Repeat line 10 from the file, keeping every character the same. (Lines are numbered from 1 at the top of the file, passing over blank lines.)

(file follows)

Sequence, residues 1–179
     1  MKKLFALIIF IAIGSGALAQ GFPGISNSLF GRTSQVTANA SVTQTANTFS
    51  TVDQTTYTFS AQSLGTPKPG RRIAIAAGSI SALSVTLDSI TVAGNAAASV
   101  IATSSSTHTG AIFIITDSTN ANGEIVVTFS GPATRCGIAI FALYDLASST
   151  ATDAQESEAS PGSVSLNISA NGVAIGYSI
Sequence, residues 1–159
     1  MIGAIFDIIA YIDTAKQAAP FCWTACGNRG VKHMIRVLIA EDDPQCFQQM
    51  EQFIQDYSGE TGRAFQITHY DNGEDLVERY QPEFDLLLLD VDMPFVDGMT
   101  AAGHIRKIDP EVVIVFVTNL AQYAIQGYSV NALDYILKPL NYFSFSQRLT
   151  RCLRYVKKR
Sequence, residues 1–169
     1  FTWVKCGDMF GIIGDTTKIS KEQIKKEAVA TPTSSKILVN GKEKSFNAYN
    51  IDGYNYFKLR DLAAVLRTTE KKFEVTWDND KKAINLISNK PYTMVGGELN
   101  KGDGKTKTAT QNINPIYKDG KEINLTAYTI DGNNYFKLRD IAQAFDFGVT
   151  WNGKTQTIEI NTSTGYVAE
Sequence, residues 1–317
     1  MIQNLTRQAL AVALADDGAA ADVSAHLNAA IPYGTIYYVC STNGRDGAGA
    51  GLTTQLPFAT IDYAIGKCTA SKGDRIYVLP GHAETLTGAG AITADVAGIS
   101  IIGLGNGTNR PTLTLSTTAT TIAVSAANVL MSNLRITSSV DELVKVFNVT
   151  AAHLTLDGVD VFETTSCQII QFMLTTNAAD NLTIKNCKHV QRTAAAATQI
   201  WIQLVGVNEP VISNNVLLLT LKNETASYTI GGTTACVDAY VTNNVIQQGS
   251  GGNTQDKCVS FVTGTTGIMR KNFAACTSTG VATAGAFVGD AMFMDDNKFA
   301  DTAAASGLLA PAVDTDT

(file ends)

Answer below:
   151  RCLRYVKKR